Over the last year, we’ve learned a lot, changed some of the ways we work, and gathered a lot of feedback from publishers about our standard publisher agreement. So it’s time to update the agreement accordingly. From today, the new agreement is live on our site. It’s effective immediately for publishers joining us from today, and takes effect after fourteen days for existing Paperight publishers.
We want to be completely open about our agreement, and give you a chance to go through the changes in detail, should you have the time and patience for that! So here it is, with the changes marked. Wording we’ve removed is struck through, and new wording is in bold. And after each change I’ve included our reasoning for it.
We like our outlet and publisher terms to be as short and sweet as possible. But sometimes we have to add more text just to be crystal clear about something. So, we’ve added one short paragraph to our outlet terms about how you manage those PDF files you download from paperight.com.
Each licence only allows you to print out a document once, and to sell that print-out to a customer. Once you have printed a document, you must delete all copies of the digital file. You may not give or sell the digital file to anyone.
That’s been added to the section on ‘Licences’. As you can see, it doesn’t change anything about the way we or you work, it just makes things absolutely clear. You can read the whole agreement here.
When we launched the new paperight.com in May last year, our terms for outlets were very, very short and sweet. Essentially, they explained briefly how Paperight works, and the two golden rules for outlets:
- One fee = one print-out (for each copy of a document that you print out, you pay a separate licence fee)
- Customer’s full name, every time (provide the customer’s full name each time you buy a licence.)
It worked because it was simple and clear. Since then, over two hundred people have registered as Paperight outlets, and we’ve received loads of feedback and questions about the way we work. And we realised that we needed to be clearer and more thorough in our outlet terms.
So this week we’ve implemented a new outlet agreement that now applies to all outlets. It doesn’t change anything about the way outlets or we work (so don’t worry, no surprises at all), it only explains things more clearly and thoroughly.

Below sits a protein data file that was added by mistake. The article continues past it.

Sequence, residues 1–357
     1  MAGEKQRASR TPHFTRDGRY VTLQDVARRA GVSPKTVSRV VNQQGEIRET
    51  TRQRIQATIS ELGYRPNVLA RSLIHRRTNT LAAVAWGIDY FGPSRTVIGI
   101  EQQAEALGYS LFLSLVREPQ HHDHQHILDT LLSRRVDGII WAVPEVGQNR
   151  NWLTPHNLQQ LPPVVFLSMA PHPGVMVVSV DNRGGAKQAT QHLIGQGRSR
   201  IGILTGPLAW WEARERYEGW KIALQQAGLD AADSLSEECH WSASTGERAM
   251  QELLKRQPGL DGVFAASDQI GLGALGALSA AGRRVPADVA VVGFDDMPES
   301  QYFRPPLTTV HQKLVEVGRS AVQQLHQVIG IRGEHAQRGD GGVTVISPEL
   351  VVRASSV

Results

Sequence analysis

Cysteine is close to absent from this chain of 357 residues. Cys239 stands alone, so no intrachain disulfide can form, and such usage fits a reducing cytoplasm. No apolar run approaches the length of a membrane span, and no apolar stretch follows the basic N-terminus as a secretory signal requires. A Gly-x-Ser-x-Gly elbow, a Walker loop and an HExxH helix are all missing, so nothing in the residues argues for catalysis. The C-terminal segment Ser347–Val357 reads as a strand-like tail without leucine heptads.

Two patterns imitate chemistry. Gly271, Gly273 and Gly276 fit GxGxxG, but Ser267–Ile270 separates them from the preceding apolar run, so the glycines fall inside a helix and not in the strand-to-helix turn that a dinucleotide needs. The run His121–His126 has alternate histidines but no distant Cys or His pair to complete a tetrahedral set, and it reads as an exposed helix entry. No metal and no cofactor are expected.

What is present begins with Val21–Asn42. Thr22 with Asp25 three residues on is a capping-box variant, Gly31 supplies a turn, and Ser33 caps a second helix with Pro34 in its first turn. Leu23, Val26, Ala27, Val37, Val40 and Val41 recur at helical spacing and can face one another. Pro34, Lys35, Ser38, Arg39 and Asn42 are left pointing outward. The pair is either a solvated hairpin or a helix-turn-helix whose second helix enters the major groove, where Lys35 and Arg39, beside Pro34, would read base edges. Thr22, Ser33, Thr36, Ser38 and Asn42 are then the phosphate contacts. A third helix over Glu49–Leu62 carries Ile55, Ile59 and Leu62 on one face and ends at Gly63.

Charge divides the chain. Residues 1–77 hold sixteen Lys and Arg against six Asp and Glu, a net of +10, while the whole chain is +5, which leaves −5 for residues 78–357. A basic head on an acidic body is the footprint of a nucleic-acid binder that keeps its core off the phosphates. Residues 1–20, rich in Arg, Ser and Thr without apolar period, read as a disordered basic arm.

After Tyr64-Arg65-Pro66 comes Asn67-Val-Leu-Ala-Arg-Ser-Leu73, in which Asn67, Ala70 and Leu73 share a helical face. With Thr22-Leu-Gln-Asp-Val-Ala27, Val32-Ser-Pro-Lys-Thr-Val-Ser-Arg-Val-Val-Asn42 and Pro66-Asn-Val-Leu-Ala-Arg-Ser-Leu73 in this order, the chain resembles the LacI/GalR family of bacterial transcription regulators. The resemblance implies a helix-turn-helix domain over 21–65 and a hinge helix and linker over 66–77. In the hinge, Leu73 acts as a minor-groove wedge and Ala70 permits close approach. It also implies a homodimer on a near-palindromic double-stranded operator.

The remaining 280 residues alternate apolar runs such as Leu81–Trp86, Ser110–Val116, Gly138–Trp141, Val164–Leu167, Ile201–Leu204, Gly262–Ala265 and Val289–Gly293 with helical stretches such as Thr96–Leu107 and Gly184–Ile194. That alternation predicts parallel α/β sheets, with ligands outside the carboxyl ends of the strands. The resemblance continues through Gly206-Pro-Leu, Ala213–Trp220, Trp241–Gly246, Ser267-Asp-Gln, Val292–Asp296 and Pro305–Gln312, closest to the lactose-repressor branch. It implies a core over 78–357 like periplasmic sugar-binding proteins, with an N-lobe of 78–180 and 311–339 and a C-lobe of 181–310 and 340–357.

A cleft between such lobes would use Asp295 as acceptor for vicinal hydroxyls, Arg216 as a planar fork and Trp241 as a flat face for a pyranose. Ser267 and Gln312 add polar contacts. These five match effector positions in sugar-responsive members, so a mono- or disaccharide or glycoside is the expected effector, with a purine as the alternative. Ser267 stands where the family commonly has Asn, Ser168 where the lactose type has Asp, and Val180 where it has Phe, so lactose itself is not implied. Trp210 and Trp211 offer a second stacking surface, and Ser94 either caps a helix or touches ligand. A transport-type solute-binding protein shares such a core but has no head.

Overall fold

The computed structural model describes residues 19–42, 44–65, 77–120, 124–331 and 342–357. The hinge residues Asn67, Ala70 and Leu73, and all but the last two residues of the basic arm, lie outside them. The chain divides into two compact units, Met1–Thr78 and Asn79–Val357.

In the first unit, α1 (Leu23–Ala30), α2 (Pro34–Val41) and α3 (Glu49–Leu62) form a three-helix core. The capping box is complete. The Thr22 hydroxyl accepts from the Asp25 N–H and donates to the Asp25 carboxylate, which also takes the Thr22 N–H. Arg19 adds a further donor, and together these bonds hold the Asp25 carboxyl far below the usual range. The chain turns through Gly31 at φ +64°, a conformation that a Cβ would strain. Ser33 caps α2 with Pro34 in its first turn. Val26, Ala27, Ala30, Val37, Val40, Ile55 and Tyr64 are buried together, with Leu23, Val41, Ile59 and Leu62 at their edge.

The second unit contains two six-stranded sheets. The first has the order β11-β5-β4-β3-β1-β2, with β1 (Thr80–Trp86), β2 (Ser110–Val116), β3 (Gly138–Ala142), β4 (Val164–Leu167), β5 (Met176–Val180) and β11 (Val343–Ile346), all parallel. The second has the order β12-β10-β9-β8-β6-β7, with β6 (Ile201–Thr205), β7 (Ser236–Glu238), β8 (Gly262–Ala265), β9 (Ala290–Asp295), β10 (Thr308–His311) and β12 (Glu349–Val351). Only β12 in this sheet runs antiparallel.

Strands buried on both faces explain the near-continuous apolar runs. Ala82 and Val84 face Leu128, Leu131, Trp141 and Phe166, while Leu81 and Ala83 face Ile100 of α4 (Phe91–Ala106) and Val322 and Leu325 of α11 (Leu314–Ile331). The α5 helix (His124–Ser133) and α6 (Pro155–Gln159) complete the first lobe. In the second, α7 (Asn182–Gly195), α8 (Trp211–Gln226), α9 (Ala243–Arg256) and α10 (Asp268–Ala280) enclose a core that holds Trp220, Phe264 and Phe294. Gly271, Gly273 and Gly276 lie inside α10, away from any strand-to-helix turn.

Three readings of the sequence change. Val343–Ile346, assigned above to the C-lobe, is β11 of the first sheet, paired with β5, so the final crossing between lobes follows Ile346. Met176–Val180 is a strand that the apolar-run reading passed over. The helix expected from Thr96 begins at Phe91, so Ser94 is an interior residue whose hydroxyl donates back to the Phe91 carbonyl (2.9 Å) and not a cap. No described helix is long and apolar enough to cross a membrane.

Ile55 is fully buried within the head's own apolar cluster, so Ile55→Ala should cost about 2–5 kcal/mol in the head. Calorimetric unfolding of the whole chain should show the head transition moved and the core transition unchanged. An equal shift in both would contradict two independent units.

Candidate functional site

Click here to see the latest outlet agreement.
If you work at an outlet, please take a minute to read through it. It’s still quite short as contracts go, and we’ve kept the language as easy to read as possible (we hate difficult legal language). So it won’t take long at all.
And if you’re a publisher or author, you might be interested in reading it, too, so that you know how our network of outlets will be selling your books.
If you want to chat to us about the agreement, we’re always keen to chat and answer questions, just drop us a line.
The most nerve-wracking part of building something completely different is the experimenting. You never know what will work till you try it. It’s the part that fails as often as it succeeds. It’s also the fun part.
One of our recent experiments is to integrate Amazon search results into the Paperight site. When you search for a book on Paperight, you’ll see books from Amazon listed below the ones from Paperight.
The question is: why the heck would we send people to another retailer? Firstly, just to see what happens. But we have other more considered reasons, too.
Second, while our catalogue is growing, it’s still small compared to the range of books people need and want. If we don’t have the book you’re looking for, maybe we can help you find it somewhere else. It’s like when you go into a shop for something and they don’t have it, but the friendly assistant points out that the shop across the road has what you need. They’ve sent you to their competitor, but you’re grateful for the friendly help, and you’ll come back here again.
Third, we’re curious to know: if you don’t have Internet access or a credit card, would you let your local Paperight outlet buy a book from Amazon on your behalf? In other words, could our outlets be not only print-on-demand stores but also book-buying pick-up points? Maybe we’ll find out.
Fourth, if anyone does buy something from Amazon after clicking through from Paperight, will we earn enough Amazon affiliate vouchers to buy this for the office? We hope so
We’ll let you know how it goes.